The reason for the slow economic growth we just mentioned is that there simply aren’t enough people to fill the positions available in the Atlantic labour market. Some of the most in-demand jobs in Nova Scotia include:
|Top 15 In-Demand Jobs in Halifax|
|Registered nurse||Family doctor||Financial/Investment analyst|
|Information system analyst||Electrician||Electrical/Electronics engineer|
|IT professionals||Truck drivers||Deck officers|
|Civil Engineers||College instructors||Community service workers|
Halifax has six degree-granting universities and 81 post-secondary students per 100 people, which is three times the national average. So it’s a great place to be a student and has a bright future. On a side note, the city also has more pubs per capita than anywhere else in Canada. Culturally, the city has a lot to offer too. Home to the Canadian Museum of Immigration, Atlantic Canada’s only national museum, the residents of Halifax have a favourable attitude towards immigrants. There is a growing understanding that more people means a larger tax base, immigrants start businesses which creates more jobs and contribute to a more diverse and happy community. While there may be opposition forming toward immigration in other regions of Canada, in the Atlantic provinces support is strong, and rising.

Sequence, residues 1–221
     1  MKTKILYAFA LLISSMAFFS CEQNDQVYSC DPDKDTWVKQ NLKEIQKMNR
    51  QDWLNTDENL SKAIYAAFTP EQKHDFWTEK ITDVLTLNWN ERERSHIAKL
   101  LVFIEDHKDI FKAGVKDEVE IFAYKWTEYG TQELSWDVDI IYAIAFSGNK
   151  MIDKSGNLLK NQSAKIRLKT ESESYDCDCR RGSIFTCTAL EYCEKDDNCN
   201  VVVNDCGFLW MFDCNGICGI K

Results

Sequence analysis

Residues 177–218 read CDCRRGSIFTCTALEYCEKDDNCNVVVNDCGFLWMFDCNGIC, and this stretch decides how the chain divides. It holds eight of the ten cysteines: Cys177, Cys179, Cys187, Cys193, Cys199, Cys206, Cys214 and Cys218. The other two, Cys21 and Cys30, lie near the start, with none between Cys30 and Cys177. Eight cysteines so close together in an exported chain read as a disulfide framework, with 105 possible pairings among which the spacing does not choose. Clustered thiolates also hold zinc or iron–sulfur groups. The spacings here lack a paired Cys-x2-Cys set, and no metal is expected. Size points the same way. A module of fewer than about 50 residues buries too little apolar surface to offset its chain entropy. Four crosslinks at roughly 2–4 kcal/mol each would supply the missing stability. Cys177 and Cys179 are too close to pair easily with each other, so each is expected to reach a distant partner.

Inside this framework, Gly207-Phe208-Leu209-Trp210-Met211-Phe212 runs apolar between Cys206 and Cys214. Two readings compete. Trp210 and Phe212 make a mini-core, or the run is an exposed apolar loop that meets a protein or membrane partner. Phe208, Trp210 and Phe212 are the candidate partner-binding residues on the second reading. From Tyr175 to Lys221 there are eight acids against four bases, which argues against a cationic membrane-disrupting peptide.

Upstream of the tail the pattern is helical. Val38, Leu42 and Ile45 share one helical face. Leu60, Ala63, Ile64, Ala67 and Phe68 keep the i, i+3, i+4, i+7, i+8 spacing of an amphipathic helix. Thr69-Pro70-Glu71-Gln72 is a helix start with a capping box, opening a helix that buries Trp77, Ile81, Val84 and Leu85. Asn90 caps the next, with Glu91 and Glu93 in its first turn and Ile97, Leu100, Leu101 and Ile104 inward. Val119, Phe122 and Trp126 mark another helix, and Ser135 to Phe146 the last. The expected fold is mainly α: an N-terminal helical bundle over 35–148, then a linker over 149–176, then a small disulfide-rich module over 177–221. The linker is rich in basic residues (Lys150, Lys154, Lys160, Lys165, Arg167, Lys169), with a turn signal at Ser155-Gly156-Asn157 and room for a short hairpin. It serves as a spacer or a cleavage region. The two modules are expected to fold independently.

Moncton, New Brunswick
While Moncton may not technically be coast side, the city is the connection point between a tributary of the Atlantic flowing right through downtown and a finger of the Atlantic ocean reaching up to take it at the south west corner of town. The city has weathered two economic disasters; the most recent was the closure of it’s CNR locomotive shops in the 1980’s, after the city’s rebirth following it’s first economic trauma, the collapse of it’s shipbuilding industry in the 1860’s. However, the city adopted the Latin motto: Resurgo which translates to Rise Again and that they have done, in magnificent style. The local unemployment rate is consistently lower than the national average and the economy diversified, supplementing it’s traditional distribution industry by nurturing educational, financial, health care, information technology and insurance sectors.